Altered and Adorned

127928.jpgFor those of you who have read through the FB&C spring issue, you’ll have noticed a wonderful article by Suzanne Karr Schmidt, the Andrew W. Mellon Curatorial Fellow in the Department of Prints and Drawings at the Art Institute of Chicago. She wrote about her experience curating the current exhibit, Altered and Adorned: Using Renaissance Prints in Daily Life. A 112-page exhibition catalogue with 98 illustrations (shown here at left) is now available.

For non-subscribers (shame on you!), here’s a snippet from our spring article:

This exhibition--containing over one hundred printed objects and objects with printed components--focuses on how early print owners physically manipulated these ephemeral artworks. As such, it is an unusual theme for a museum show. Books are notoriously difficult to exhibit in this type of setting, and yet they are intrinsically important to the topic at hand. Altered and Adorned therefore includes eleven bound volumes and albums, while at least six of the single-sheet prints were once book illustrations, four others were intended (and in two cases, used) as bookplates, and two remain attached as frontispieces for the books that originally housed them.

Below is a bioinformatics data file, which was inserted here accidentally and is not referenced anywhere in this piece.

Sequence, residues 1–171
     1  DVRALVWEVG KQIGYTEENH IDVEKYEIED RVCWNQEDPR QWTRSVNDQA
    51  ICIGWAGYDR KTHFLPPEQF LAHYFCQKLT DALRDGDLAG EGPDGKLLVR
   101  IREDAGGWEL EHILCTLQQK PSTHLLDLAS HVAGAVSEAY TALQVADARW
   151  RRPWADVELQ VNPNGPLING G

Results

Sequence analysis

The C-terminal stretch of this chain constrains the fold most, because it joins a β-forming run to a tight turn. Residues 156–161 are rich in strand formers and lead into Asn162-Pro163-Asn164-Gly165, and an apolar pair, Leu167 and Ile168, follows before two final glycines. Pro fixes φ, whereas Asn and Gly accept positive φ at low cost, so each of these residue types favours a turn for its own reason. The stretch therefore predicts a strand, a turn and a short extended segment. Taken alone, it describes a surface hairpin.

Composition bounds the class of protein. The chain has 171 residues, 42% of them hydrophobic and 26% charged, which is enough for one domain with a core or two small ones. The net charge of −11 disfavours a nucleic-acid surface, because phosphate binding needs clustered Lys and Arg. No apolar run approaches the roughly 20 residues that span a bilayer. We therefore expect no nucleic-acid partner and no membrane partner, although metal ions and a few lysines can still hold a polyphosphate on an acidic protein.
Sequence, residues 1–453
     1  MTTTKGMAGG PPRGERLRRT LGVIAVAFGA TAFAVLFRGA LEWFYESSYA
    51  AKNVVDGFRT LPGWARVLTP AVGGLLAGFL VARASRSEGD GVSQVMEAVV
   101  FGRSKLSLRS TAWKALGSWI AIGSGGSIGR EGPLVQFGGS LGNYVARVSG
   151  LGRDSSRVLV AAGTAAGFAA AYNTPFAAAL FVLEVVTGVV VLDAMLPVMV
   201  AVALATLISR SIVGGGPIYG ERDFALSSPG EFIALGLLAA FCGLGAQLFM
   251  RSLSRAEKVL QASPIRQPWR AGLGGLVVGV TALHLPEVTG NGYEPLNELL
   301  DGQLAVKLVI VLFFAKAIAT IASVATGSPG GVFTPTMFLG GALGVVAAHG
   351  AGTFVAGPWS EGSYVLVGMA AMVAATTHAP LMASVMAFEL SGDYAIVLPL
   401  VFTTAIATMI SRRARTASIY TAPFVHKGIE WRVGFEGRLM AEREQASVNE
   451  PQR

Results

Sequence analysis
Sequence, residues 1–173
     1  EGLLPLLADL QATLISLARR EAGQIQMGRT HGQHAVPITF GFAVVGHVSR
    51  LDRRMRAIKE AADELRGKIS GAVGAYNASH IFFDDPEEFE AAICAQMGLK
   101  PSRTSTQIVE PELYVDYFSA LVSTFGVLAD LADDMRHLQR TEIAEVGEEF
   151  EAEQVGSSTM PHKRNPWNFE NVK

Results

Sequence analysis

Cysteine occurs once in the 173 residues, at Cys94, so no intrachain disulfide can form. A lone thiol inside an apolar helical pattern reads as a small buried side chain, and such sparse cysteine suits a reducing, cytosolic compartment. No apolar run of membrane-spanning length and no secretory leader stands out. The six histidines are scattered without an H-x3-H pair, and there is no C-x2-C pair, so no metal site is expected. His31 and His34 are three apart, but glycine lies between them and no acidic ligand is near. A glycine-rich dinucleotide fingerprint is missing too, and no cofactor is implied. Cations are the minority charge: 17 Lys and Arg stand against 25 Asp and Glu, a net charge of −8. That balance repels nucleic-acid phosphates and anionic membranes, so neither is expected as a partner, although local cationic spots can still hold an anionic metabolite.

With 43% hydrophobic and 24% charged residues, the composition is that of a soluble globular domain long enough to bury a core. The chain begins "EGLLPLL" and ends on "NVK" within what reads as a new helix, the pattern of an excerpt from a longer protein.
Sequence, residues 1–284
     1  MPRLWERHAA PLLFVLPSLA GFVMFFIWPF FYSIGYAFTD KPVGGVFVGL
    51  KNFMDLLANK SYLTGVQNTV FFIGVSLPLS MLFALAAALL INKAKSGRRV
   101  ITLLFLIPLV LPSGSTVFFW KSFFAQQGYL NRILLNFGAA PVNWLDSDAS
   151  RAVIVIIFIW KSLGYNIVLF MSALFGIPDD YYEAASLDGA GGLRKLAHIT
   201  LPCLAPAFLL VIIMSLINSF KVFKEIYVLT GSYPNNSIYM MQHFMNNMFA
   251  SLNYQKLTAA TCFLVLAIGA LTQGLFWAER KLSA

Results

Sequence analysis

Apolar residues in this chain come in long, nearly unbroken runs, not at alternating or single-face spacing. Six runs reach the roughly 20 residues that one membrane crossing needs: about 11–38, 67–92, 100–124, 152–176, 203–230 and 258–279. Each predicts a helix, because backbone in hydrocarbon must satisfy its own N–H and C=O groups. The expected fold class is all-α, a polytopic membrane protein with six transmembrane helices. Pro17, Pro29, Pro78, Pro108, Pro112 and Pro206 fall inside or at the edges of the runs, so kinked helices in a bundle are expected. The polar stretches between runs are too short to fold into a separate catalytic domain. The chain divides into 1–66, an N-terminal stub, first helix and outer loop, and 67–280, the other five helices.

As any aficionado of old books might infer, many types of evidence of hands-on treatment endure, for owners routinely annotated prints. They also cut and pasted them everywhere--onto books, boxes, furniture, and walls, and sometimes they went even further and transformed them into three-dimensional objects. ...


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